You'll probably rely on Social Security to pay your retirement expenses to some degree. It may be a minor degree if you have a lot of money in savings and investments, or it may be a significant degree if you kick off your senior years with no pension and little money in an IRA or 401(k). But either way, your goal should be to get the most money from Social Security you can, and avoiding these seemingly minor mistakes could be your ticket to doing just that.
1. Claiming benefits when you sign up for Medicare
You might assume that it's a good idea to sign up for Social Security at the same time you enroll in Medicare. And in fact, the place you'd go to sign up for Medicare is none other than the Social Security Administration's (SSA) website. But while Medicare eligibility begins at age 65, full retirement age for Social Security kicks in a year or two later, depending on your year of birth. As such, if you file for Social Security right when you're first eligible for Medicare, you'll end up slashing your monthly benefit -- for life.
2. Forgetting to file for benefits at age 70
Full retirement age is when you're entitled to your full monthly Social Security benefit based on your personal earnings history. But you're allowed to delay your filing past that point, and for each year you do, your benefits will increase 8%. That boost will then remain in effect for the rest of your life.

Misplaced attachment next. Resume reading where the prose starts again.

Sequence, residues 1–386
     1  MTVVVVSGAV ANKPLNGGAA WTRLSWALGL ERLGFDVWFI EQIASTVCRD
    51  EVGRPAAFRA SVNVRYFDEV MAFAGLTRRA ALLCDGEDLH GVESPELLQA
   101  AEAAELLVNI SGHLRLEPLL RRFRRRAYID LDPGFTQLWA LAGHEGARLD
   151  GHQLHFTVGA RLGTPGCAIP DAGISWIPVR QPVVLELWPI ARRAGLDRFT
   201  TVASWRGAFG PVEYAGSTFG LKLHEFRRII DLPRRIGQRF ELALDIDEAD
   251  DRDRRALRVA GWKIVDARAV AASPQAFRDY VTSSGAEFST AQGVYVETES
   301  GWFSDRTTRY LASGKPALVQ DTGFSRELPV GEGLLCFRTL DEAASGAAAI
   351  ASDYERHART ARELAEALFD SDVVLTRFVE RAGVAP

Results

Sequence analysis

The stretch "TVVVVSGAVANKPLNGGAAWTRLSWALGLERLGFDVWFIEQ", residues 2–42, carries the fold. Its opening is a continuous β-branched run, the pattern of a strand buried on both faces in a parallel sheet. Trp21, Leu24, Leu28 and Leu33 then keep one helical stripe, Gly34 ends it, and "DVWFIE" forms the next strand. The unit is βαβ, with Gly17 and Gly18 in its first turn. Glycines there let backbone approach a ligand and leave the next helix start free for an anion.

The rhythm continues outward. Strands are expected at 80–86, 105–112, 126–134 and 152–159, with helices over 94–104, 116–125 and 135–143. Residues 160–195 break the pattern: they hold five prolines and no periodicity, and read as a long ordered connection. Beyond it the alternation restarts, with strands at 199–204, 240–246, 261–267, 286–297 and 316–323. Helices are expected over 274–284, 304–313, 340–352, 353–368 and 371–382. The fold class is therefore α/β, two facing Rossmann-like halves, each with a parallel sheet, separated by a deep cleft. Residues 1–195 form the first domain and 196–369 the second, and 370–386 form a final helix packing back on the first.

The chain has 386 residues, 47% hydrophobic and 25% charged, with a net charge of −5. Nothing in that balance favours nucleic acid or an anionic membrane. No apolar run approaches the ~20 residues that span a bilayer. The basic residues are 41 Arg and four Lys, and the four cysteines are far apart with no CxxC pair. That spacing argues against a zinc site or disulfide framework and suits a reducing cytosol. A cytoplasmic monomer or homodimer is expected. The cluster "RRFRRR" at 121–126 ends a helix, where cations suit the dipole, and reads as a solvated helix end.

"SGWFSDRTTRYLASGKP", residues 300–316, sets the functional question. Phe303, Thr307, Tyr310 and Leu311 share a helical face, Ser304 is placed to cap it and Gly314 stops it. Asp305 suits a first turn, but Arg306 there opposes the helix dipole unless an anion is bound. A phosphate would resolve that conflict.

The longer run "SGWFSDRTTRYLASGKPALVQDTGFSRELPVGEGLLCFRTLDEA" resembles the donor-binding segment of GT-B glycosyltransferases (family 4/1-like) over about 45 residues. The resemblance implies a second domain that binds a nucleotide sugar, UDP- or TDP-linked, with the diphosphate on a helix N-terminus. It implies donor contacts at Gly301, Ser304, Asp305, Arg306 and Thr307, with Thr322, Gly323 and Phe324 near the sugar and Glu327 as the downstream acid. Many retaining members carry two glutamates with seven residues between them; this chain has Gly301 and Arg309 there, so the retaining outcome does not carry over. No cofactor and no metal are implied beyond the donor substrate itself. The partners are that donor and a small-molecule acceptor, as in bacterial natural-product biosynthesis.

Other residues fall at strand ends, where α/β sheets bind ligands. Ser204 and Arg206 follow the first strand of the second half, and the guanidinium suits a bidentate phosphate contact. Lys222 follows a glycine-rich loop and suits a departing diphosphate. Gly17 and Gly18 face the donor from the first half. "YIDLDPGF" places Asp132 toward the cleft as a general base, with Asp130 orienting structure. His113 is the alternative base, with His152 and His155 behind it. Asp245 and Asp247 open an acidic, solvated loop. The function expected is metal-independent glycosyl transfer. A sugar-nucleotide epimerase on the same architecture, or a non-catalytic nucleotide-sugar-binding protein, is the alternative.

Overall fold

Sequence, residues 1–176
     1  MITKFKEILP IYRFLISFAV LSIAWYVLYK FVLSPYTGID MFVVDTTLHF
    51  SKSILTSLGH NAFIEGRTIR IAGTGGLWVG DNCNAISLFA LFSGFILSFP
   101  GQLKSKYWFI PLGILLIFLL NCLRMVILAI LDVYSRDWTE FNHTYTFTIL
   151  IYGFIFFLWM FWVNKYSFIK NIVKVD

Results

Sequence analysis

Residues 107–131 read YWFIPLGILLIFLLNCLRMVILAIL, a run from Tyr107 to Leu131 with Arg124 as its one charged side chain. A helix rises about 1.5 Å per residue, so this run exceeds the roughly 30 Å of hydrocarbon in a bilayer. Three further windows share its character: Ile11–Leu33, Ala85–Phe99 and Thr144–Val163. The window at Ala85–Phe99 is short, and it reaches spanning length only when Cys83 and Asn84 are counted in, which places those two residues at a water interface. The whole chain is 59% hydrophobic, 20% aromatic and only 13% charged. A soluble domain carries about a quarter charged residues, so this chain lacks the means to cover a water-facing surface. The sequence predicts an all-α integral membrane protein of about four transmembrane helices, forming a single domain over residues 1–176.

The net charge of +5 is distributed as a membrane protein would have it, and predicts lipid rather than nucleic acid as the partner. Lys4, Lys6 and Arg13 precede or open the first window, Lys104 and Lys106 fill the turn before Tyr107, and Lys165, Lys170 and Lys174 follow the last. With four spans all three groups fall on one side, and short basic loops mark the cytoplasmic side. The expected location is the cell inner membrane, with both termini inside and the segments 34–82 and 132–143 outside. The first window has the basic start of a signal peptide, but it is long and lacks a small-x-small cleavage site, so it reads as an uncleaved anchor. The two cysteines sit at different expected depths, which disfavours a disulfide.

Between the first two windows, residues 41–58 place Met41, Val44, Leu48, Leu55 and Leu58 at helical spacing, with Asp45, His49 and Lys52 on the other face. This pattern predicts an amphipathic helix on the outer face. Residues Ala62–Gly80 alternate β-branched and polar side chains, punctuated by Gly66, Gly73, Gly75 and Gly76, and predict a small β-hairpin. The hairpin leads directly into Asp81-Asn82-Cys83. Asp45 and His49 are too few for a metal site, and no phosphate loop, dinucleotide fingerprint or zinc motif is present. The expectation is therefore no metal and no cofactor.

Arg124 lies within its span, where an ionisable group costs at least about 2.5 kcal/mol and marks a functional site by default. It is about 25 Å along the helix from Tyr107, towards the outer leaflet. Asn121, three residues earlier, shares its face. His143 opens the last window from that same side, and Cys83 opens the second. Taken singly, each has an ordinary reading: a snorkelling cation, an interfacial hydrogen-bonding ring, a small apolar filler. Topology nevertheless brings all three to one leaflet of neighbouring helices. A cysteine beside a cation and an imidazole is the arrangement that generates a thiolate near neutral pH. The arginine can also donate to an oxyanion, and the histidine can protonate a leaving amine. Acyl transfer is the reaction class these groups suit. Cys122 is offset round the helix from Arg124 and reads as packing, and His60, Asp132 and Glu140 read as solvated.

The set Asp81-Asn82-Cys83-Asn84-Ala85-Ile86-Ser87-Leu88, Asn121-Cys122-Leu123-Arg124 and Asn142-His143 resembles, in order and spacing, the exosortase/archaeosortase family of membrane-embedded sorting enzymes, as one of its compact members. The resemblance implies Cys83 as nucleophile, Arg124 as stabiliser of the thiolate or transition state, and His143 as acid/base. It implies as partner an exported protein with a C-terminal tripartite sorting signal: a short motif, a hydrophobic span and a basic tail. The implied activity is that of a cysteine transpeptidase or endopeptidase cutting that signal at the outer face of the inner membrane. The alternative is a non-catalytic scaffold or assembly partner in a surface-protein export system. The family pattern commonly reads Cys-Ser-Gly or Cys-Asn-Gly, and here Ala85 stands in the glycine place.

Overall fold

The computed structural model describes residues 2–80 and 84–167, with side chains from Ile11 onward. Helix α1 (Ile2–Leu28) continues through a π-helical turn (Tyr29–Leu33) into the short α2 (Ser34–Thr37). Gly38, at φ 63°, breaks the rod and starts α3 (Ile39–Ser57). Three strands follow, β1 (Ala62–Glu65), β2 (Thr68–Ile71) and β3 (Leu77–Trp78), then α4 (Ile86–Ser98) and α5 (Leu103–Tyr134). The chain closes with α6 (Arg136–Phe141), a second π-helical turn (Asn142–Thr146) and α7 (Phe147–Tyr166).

That said, you can only grow your Social Security benefits until the age of 70, so there's no sense in delaying your filing beyond then. And if you do, in fact, wait until after your 70th birthday to sign up for benefits, you could end up losing out on money you're entitled to.
3. Ignoring your annual earnings statements
Each year, the SSA issues workers an earnings statement that summarizes their taxable wages for the year. If you're 60 or older, you'll get a copy of that statement in the mail. Otherwise, you can access it on the SSA's website.
It pays to review your earnings statement carefully each year, because mistakes that work against you could leave you with a lower retirement benefit. Say there's a year when you earned $80,000, only for some reason, your income is listed at $0. It's an odd thing to have happen, but it's possible if there was a reporting error on your employer's part (for example, your earnings may have been submitted under someone else's Social Security number by mistake). That's why you must check those statements for mistakes every year and correct those with the potential to reduce the amount of money Social Security ultimately pays you.
We all make mistakes in life -- but these blunders could impact a substantial retirement income stream of yours. Aim to steer clear of these errors, because while they may seem innocent, they could actually end up leaving you needlessly cash-strapped during your senior years.
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